Article by Elizabeth Ingram
Vice President of People Strategy, Insurance Trust
Don’t get me wrong, we’re all thrilled that school has shifted back to normal – full-time! Field trips! However, the paperwork!
Keep in mind that as a parent, you need to advocate for your kid and both daycares and schools require copies of up-to-date immunizations as a starting point. To make things a bit easier on yourself, here are a few tips.
Check state law or check with your child’s primary care physician (PCP), well in advance of starting school, to see what immunizations are required for public school to make sure you won’t have any enrollment issues.
Every time your child gets a shot at a well-child visit, ask for 2 copies of their updated immunization sheet then & there. Bring one home and file it, but immediately put the second set into your child’s school bag with a sticky note for the appropriate person. If you are at a flu clinic or such, you may not be able to get the updated record right away, but typically flu shots aren’t required in schools, so this probably won’t be an issue.
Remember that most school forms need to be updated annually. If you can, plan ahead because doctors’ offices get inundated with requests for forms as school and sports start up. Often you can request the forms you need through a patient portal if your children are young; otherwise, give the office a call.
If your child has special needs: mental, physical, allergies, or behavior, you’ll want to make sure that you have a meeting with the appropriate team as school gets started as most individual plans get updated each year. Make sure you notify the school of any special needs before school starts but don’t expect to have a meeting until at least a few weeks into the school year. It doesn’t mean your child won’t be cared for in the meantime, but a formalized plan might have to wait. You will want to make sure that if your child has an allergy, their teacher is aware, and the classroom is free of the allergen if need be.
If your child needs specialized medicine to keep at school, for example, epi-pens, plan ahead. Your insurance might only allow you to fill one prescription within a certain time frame, and you need to be sure your medications at home are filled too. I generally request refills in late July if I need them for an early September start. Make sure you get the prescription your child needs and don’t be afraid to educate pharmacists or nurses if you’re confident (in a nice & polite way). I’ve found that many people don’t know that you aren’t supposed to separate the 2 epi-pens that come in a pack because you may need the second one if there is a secondary reaction over the course of the next 24 hours or a particularly severe reaction that doesn’t react to the first pen; you need 2 sets of epi-pens (1 for home & 1 for school), NOT to 2 epi-pens.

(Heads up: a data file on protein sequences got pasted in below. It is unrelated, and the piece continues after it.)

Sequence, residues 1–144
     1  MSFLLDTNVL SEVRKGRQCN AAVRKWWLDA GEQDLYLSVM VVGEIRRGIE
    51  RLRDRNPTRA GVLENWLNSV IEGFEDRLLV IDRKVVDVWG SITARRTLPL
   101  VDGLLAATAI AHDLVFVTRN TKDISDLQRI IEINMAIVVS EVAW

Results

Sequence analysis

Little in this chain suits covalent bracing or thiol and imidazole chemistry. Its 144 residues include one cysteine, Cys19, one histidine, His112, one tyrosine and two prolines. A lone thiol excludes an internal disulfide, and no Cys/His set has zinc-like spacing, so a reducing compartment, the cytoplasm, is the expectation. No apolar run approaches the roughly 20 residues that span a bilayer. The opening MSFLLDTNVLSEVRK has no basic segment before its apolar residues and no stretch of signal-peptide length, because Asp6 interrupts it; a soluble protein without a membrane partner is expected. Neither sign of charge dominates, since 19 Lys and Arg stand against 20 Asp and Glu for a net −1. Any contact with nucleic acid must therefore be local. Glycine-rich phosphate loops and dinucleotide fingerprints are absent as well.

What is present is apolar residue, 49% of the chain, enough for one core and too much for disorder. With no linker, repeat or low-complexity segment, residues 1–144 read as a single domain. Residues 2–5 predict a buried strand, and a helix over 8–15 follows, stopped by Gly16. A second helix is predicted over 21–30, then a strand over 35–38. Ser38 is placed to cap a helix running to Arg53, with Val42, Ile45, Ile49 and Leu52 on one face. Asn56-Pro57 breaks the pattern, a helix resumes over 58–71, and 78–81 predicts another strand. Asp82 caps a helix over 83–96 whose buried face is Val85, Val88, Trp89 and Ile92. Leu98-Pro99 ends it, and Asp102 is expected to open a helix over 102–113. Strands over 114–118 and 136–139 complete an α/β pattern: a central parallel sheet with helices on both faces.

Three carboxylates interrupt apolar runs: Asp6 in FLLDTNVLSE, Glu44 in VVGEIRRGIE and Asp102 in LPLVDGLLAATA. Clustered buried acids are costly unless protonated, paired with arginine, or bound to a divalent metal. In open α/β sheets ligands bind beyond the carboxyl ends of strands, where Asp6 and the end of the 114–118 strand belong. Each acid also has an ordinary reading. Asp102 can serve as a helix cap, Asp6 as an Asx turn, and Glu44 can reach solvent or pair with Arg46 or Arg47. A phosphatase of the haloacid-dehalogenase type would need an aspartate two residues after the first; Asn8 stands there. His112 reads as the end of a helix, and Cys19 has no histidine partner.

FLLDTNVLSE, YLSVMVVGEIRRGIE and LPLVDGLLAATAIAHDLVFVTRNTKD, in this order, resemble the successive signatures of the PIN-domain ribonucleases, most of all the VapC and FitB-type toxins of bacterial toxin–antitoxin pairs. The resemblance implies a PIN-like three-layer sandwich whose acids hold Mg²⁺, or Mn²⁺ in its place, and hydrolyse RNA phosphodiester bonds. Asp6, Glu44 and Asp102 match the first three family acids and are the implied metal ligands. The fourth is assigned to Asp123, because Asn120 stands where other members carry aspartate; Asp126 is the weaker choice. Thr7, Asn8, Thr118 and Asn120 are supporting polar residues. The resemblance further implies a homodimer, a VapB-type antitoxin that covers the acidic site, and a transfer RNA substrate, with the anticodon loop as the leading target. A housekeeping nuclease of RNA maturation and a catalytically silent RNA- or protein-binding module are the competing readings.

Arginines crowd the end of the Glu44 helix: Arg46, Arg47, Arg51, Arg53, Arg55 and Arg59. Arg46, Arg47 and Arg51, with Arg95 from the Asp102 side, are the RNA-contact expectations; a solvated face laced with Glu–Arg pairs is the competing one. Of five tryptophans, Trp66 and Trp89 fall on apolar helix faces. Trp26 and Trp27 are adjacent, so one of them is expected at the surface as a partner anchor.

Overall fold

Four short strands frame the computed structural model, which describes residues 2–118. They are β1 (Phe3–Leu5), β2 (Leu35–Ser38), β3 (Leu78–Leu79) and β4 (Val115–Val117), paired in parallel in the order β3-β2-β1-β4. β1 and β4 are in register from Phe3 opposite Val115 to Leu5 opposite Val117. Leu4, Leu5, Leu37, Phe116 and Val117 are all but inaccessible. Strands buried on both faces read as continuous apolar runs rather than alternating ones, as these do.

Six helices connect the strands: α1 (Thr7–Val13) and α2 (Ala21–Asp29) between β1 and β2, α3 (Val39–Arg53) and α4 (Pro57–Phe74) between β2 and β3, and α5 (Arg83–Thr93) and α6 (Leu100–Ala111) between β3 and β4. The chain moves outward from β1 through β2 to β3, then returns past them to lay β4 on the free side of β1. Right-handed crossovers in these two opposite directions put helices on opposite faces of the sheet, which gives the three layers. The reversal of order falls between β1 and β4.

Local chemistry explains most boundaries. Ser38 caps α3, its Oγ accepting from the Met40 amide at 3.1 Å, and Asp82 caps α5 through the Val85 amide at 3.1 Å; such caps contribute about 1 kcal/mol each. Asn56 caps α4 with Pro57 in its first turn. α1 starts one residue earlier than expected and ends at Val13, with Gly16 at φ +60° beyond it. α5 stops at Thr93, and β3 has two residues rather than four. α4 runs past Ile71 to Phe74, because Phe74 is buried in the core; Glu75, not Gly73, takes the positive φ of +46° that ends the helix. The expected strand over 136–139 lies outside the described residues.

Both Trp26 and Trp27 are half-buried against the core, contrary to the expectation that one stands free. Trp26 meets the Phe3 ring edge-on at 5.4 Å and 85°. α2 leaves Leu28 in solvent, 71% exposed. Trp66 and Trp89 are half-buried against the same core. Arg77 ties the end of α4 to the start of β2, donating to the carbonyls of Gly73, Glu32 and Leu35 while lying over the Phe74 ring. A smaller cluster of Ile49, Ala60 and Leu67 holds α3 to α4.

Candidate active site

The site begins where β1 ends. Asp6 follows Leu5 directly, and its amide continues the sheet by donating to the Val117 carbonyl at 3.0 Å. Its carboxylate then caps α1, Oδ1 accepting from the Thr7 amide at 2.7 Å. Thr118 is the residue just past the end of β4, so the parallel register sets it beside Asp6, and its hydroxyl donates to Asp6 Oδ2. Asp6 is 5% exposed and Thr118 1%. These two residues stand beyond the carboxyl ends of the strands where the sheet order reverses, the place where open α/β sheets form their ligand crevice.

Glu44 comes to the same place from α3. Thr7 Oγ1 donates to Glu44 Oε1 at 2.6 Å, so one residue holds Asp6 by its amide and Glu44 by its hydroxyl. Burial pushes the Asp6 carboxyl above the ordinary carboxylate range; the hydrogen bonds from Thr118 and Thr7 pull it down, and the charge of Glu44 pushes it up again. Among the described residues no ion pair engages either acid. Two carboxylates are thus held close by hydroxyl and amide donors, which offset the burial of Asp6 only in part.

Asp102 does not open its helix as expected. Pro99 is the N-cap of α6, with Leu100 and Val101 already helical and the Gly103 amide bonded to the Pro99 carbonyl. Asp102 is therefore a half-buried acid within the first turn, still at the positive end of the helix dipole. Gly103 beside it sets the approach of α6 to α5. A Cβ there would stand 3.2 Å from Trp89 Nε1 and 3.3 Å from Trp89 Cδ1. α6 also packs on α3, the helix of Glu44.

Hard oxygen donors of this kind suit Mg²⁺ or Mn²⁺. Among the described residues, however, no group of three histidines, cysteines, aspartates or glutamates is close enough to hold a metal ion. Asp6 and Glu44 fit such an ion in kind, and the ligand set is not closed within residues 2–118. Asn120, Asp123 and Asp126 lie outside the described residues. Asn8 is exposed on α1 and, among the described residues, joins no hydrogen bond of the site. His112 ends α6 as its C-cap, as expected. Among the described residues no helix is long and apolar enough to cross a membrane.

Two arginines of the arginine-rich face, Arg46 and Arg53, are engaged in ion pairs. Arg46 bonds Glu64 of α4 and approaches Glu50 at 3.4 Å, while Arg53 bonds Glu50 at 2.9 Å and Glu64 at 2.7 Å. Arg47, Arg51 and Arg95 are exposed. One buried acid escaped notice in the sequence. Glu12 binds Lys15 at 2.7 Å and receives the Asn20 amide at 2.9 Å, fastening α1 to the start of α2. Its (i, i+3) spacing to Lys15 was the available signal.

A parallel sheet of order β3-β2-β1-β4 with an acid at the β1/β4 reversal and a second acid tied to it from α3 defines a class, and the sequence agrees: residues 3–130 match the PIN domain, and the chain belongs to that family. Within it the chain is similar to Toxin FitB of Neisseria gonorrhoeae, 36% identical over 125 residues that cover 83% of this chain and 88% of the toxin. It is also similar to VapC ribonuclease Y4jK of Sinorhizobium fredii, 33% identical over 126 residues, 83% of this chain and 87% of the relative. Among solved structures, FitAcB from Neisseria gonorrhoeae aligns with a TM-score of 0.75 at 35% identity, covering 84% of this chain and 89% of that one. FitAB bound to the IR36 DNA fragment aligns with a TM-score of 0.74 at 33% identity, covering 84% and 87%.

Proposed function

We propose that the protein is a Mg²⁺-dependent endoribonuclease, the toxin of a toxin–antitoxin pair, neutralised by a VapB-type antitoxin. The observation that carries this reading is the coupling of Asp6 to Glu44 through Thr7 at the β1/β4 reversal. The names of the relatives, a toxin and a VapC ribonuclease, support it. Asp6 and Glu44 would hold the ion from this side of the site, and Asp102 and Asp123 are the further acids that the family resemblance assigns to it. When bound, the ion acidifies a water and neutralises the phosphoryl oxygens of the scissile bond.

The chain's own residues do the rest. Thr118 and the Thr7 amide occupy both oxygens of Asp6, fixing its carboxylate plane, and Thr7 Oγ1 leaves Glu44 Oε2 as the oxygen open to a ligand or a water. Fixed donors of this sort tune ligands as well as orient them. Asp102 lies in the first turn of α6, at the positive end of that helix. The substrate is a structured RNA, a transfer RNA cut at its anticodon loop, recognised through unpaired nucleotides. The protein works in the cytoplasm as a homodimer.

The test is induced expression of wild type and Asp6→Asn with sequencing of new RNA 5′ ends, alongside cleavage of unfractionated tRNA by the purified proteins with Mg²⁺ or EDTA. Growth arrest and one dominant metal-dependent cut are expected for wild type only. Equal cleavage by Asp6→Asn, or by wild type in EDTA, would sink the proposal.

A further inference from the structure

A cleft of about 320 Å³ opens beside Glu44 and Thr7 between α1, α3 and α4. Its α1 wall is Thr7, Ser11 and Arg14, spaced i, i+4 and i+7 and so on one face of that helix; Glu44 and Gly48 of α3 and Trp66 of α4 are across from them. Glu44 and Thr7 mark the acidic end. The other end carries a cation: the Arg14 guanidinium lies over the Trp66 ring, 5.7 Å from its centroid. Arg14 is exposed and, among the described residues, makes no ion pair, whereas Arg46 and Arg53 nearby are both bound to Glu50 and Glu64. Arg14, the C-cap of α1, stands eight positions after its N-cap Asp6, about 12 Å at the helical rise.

Check with your school nurse to determine the best way to send in medications and what other information to include: original packaging, an updated asthma plan, etc.
The school may have other forms you can choose to complete, so make sure you read all the paperwork emailed to you or sent home. For example, in our district, we always have the option to opt-in to allow the nurse to provide certain OTC medications as needed. Choose what works for you.
Lastly, remember your child’s PCP and the school are working with you to keep your child cared for, but you are the advocate. Don’t be afraid to use your voice to ask questions and educate, and encourage your child to do the same.